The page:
• They are used in businesses, but because they can be installed at wheelchair height, they are a good choice for improving accessibility in homes as well.





All-in-One Sinks
An all-in-one stainless steel kitchen sink with a pull-down faucet on a white countertop.
  • One of the most convenient options, all-in-one sinks are a complete kitchen sink unit including a single or double bowl sink as well as a faucet.
  • Some models will also feature a pull-down sprayer, soap pump, sink grid or strainer.
  • They will typically work with any countertop surface.


Workstation Sinks
A workstation sink with three sections.
  • Ideal for busy kitchens, either home or restaurant, a workstation sink converts your kitchen sink into a work/prep space.
  • Many include custom accessories like cutting boards, drying trays and colanders.
  • Most workstation sinks have an integrated ledge to hold accessories.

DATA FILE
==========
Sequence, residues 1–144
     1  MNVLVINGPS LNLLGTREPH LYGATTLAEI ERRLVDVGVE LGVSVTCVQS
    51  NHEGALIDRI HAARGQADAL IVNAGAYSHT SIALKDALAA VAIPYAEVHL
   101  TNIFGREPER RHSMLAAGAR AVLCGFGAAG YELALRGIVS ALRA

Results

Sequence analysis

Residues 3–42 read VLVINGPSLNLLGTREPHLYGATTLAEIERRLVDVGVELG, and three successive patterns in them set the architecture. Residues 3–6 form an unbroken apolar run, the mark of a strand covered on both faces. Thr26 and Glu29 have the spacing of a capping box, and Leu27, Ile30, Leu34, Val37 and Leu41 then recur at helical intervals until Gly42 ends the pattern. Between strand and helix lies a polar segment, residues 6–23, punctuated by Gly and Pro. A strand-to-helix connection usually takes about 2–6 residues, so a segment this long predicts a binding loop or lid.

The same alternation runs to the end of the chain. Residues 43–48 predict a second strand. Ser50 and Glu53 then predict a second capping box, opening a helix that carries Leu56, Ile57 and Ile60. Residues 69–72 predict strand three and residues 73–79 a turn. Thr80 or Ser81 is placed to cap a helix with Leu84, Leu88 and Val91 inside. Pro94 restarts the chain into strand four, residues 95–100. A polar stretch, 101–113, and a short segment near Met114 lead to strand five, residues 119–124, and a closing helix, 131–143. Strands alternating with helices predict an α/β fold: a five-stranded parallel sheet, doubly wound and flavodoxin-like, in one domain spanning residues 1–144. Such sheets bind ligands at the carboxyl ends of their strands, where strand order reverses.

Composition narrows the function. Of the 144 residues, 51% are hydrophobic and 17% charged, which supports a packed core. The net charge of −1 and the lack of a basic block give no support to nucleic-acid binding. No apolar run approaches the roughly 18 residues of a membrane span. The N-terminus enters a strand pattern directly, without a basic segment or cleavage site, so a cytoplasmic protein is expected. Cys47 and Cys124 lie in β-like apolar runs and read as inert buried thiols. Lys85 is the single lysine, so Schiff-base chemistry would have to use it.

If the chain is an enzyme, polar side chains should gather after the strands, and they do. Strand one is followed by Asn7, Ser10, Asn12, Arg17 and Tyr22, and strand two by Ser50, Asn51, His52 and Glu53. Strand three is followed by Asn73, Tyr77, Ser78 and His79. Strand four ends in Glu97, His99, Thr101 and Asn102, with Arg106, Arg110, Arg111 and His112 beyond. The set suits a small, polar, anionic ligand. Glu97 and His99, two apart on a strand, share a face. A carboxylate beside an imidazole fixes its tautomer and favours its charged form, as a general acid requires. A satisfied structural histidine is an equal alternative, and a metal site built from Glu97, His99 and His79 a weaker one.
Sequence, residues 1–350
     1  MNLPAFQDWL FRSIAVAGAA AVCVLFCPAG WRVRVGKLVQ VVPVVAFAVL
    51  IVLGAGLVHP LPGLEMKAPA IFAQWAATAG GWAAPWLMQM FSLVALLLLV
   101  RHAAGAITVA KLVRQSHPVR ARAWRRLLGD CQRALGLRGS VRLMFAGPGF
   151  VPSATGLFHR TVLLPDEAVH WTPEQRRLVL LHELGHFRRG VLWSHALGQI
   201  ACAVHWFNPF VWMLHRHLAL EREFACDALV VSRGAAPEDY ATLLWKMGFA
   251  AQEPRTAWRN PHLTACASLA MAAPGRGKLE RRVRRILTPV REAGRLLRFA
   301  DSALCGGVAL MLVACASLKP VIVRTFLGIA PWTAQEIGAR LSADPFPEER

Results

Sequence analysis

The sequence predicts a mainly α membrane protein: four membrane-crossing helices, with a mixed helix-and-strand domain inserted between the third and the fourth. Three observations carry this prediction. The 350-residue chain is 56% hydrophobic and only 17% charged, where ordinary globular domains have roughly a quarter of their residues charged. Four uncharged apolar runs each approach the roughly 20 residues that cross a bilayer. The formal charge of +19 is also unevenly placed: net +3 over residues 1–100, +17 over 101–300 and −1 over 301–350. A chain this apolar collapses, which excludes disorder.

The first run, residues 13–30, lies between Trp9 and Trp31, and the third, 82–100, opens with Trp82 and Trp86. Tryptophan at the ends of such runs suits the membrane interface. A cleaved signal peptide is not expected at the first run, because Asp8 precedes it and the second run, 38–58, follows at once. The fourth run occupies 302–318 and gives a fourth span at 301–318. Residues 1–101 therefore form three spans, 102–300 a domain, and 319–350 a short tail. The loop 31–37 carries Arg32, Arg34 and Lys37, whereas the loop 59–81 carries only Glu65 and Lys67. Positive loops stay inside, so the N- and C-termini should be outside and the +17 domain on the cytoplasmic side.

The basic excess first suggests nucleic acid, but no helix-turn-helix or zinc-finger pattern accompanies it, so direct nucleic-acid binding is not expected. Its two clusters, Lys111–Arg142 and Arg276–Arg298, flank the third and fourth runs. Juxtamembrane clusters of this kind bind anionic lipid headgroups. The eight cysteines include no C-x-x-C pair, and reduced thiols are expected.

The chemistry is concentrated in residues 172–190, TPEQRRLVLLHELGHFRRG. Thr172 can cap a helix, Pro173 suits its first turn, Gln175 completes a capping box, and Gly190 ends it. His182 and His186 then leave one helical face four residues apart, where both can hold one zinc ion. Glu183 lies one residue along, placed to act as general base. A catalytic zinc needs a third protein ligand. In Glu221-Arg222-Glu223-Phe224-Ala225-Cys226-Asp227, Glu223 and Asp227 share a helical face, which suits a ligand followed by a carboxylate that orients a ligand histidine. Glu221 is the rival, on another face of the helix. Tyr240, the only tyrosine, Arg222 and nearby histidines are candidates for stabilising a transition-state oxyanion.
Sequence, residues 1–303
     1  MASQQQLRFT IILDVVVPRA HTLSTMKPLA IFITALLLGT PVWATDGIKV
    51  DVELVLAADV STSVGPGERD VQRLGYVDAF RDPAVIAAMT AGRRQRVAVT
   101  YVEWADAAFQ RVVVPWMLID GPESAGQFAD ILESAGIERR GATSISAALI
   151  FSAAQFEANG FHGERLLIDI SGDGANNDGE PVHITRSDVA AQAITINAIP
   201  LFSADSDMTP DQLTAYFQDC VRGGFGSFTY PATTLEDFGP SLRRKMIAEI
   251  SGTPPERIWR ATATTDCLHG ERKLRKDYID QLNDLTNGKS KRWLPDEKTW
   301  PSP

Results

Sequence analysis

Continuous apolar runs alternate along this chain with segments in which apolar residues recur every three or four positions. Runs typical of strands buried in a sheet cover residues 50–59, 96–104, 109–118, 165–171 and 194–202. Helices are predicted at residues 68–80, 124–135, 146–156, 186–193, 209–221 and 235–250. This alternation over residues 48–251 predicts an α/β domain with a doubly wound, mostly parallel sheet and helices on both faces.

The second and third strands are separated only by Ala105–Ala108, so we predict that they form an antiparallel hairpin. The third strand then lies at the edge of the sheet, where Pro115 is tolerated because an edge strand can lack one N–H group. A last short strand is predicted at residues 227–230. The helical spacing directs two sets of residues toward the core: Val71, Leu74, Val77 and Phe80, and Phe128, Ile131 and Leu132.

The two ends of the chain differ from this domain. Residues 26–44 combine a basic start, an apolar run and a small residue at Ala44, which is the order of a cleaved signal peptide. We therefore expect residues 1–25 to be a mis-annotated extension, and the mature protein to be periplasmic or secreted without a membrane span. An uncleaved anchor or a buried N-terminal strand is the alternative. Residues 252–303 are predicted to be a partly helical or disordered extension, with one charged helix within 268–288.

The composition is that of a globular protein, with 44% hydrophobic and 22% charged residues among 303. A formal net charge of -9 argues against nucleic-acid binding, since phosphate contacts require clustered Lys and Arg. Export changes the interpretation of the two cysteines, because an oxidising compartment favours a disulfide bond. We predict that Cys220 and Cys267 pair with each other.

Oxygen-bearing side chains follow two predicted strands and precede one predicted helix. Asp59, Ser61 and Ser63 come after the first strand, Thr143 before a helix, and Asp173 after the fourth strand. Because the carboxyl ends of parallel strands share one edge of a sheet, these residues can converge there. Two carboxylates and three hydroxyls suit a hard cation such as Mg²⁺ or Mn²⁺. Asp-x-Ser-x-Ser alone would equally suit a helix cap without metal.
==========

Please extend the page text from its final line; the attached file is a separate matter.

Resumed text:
Commercial Sinks
A stainless steel commercial sink.
  • Commercial sinks are typically used in restaurants or hospitality environments.
  • They are extremely durable and are usually significantly longer and deeper than a standard residential kitchen sink.
  • The sink usually has a prep surface built in which can help expand your counter space and protect your counter surfaces by giving an alternate place to prep food.
  • They are normally made of stainless steel but are available in other materials in both under-mount and drop-in installation types.
Bar Sinks
A bar sink set in a granite counter.
  • A bar sink has a much smaller footprint than a standard sink, allowing it to be installed in spaces where a secondary sink is useful, such as a kitchen island or home bar.
  • Usually made of stainless steel, they are easy to keep clean and sanitized.
  • Allows for prep of fresh ingredients in isolation from the main sink to help prevent cross-contamination.
Kitchen Sink Materials
A brushed metal kitchen sink with a black faucet.

When shopping for a new kitchen sink, how it will be used will have an impact on the materials you will be able to choose from. If your family accumulates a lot of dishes, you'll need a deeper basin. If you maintain a busy lifestyle, you may not have time to take care of a special surface. In general, a kitchen sink should always be durable and able to withstand deep cleaning. However, it is also important to pick a sink made of a material that complements the rest of your kitchen style and fixtures.


Stainless Steel: